Tuesday, July 10, 2012

LROC: "Sunny Side Up"

The center of Linne F is filled with a small mound surrounded by a moat of impact melt rock. Image width is ~1450 m, LROC Narrow Angle Camera (NAC) observation M190509409, LRO orbit 13120, May 1, 2012; native resolution 1.5 meters. View the larger (1100 px)) LROC Featured Image release, HERE [NASA/GSFC/Arizona State University]
Drew Enns
LROC News System

Linne F is a 5 km diameter crater located at 32.33°N, 13.95°E, and it displays a spectacular melt pond (now frozen) on its floor. Immediately after the impact event, melt pooled and eventually hardened to form the now lower reflectance flat deposit surrounding a central mound. The once molten material shares characteristics that are seen in many other impact craters: small mounds, blocky craters, and fractures. But what is the origin of the central mound? Compare the central mound in Linne F to the interiors of other similarly sized craters. Perhaps it is a proto-central peak or maybe the mound formed due to unusual target properties?

Linne F, surrounded by Mare Serenitatis basalts. LROC QuickMap (64 meters resolution) with profile statistics; field of view is 37.12 km [NASA/GSFC/Arizona State University].
Do any other 5 km diameter lunar craters have central peaks? On the Moon, central peaks start to form in craters between 10-20 km in diameter, much larger than Linne F. If the mound isn't a nascent central peak, perhaps the local target properties of this portion of Mare Serenitatis played a role. Target properties are important for small (<500 m diameter) craters as a loose regolith over solid bedrock can result in benches, mounds, and flat floors. It is unclear if target properties are also important for larger craters, but Mare Serenitatis has a thick layer of basalt overlying older basin material. Both hypotheses are possible, but hard to prove from remotely sensed data alone. Linne F is just one example of the uniqueness of each crater on the Moon. It is easy to generalize that all craters below 10 km in diameter are bowl shaped - but that generalization glosses over the variety of geologic forms seen in lunar craters. It is this richness of detail from crater-to-crater that scientists are studying to unravel the story of the surface, and subsurface, of our nearest neighbor!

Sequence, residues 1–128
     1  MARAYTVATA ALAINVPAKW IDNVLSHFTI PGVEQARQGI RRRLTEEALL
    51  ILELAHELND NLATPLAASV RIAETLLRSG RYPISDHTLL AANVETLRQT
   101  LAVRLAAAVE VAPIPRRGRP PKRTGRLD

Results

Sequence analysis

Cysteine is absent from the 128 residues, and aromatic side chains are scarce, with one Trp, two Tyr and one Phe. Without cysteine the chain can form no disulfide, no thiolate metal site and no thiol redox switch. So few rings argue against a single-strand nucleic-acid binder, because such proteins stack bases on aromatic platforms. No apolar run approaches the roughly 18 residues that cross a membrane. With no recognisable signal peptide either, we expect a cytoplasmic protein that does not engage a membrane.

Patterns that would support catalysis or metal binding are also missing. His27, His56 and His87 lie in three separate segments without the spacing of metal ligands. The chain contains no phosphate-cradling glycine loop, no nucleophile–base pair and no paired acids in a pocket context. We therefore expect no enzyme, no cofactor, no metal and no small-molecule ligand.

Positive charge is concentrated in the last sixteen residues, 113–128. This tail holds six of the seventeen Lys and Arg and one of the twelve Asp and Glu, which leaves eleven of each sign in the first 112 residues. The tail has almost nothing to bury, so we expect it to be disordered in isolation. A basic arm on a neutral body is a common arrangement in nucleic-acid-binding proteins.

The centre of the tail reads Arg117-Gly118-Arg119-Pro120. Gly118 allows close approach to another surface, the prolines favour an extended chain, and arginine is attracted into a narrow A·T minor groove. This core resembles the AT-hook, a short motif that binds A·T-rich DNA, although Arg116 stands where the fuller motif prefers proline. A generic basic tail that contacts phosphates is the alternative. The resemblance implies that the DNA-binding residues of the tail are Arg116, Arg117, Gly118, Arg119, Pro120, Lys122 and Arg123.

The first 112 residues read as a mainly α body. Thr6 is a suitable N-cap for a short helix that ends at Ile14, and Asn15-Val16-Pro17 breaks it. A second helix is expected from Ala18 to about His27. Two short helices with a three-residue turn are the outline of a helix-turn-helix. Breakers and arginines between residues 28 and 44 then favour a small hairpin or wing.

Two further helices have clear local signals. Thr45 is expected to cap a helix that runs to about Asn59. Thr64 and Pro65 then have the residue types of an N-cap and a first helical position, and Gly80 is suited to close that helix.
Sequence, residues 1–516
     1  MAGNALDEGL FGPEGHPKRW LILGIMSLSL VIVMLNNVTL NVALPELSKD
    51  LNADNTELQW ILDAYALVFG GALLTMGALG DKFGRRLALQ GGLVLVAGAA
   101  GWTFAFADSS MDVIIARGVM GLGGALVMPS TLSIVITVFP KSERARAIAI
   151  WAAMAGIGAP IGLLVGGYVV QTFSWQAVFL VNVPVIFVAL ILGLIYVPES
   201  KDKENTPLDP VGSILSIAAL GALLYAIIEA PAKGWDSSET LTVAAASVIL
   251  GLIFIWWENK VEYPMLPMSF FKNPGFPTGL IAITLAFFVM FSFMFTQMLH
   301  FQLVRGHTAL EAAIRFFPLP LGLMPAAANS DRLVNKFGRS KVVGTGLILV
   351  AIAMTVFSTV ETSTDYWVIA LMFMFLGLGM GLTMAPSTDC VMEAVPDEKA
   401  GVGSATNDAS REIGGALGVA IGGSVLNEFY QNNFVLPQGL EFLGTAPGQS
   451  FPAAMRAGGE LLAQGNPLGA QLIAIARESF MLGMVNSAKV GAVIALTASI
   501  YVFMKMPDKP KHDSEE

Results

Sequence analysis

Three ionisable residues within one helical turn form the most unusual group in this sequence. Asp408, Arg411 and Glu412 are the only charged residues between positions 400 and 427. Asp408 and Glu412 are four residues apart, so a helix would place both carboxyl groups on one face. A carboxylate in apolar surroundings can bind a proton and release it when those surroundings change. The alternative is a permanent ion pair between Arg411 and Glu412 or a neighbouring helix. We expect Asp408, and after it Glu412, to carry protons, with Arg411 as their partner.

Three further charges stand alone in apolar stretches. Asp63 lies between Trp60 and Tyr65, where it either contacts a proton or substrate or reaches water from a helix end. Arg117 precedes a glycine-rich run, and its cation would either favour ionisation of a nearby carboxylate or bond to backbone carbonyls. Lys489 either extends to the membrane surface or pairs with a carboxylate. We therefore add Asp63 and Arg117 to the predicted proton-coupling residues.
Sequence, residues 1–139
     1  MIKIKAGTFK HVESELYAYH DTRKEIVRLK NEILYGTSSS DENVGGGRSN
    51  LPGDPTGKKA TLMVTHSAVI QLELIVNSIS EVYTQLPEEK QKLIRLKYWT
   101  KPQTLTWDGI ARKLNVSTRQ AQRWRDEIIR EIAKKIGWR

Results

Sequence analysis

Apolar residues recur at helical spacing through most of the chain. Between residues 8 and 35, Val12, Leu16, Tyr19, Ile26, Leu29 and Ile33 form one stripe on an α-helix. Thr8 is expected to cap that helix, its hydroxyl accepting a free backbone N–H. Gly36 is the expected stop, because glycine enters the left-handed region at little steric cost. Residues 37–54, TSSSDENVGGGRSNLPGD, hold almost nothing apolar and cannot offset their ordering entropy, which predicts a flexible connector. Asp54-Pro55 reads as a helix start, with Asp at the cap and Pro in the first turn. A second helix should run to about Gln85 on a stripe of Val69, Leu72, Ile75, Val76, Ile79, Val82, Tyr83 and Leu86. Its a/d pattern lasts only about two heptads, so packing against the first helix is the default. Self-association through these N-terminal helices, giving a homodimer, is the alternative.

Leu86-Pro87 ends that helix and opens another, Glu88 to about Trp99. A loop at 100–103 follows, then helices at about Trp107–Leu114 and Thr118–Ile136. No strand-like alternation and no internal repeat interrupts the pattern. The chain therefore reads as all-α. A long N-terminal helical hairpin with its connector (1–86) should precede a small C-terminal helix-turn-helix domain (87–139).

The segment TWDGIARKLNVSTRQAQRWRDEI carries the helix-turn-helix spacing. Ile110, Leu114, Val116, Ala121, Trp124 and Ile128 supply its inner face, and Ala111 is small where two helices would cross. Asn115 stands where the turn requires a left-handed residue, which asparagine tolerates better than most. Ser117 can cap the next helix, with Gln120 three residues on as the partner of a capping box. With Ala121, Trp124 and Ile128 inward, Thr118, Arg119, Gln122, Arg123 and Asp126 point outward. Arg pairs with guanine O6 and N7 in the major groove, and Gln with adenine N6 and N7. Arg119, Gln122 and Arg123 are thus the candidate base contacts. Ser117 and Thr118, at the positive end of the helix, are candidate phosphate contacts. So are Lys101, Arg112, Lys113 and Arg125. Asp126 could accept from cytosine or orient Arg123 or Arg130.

Explore more impact melt in the full LROC NAC mosaic, HERE.

Related Posts:
Cracked Mound
Shattering Consequences
Farside impact!

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